Supreme Court: Arbitrators can award Post Award Interest on Interest Pendente Lite
The Supreme Court has:
In its recent judgment of M/s Hyder Consulting (UK) Ltd v. Governor State Of Orissa through Chief Engineer, the Supreme Court has considered the much debated question of whether post-award interest can be awarded by an arbitral tribunal on pendite lite interest under Section 31(7) of the Arbitration and Conciliation Act, 1996 (“ Act”). The majority decision has held in the affirmative.
An arbitral award of Rs.2,30,59,802 was made in favour of the appellant. During execution proceedings, the District Judge ordered payment of Rs.8,92,15,993 taking into account interest payable on the principal amount and the interest pendant lite thereon for the calculation of post award interest.
The High Court of Orissa, quashed the order of the District Judge on the basis of the judgment of the Supreme Court in the case of State of Haryana v. SL Arora and Co.1 (“SL Arora Case”) which stated that “interest on interest” in the post award phase could not be awarded. This order was set aside by the High Court of Orissa and the District Judge was instructed to calculate the total amount payable without considering interest on interest pendent lite.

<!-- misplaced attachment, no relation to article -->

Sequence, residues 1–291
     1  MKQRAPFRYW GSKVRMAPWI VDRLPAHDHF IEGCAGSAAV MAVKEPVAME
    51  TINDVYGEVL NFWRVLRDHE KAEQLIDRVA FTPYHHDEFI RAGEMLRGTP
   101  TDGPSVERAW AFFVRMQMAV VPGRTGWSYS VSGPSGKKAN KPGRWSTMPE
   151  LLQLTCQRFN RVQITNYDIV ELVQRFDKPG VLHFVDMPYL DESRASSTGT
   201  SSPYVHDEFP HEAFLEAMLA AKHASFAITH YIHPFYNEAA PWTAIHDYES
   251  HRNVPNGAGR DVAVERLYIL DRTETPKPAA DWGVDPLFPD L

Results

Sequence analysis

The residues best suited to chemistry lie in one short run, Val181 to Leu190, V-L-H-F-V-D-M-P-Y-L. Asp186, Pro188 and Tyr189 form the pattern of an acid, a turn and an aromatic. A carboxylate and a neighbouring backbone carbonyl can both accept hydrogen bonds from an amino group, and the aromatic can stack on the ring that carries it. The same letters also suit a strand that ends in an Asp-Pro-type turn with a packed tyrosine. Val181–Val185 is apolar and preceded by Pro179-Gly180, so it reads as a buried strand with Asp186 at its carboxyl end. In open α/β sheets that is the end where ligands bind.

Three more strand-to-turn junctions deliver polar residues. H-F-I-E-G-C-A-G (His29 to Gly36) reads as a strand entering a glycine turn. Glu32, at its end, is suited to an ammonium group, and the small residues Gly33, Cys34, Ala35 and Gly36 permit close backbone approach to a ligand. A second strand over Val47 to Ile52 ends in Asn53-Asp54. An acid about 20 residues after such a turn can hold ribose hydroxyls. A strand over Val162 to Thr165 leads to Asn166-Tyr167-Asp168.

The High Court’s order was appealed in the Supreme Court.
Majority Decision (A Bobde and AM Sapre J.J)
Contrary to the view taken by the Hon’ble CJI, the majority decision disagreed with the judgment in the SL Arora Case whereby it had been held that unless stated in the contract, the tribunal did not have the power to provide for interest on pre-award interest. The Hon’ble Court stated that post award interest, as prescribed under Section 31(7)(a) of the Act, would also be applicable to the interest pendent lite and not merely the principal amount awarded by an arbitral tribunal.
In this regard, the Hon’ble Court reasoned and held as follows:
Minority Dissenting Judgment (HL Dattu, CJI)
The Hon’ble Judge considered the decision of the Supreme Court in the SL Arora Case and found it to be correct. The Hon’ble Judge considered the following rationale under the SL Arora Case:
It was further held that the interest awarded under Section 31(7) of the Act was only towards compensating one party for the other party’s withholding of the money which rightfully belonged to the first party and not for withholding the interest. Thus, post-award interest could only be paid towards the principal sum claimed by the party and not towards the interest pendente lite.
The word “sum” under sub-sections (a) and (b) of Section 31(7) of the Act, in this regard, was also interpreted to mean the money directed to be paid as per the award and did not include the interest pendent lite. Dattu J. examined a number of legal dictionaries to give the term “sum” its ordinary meaning and in doing so arrived at the conclusion that “sum” could only mean principal sum and not interest.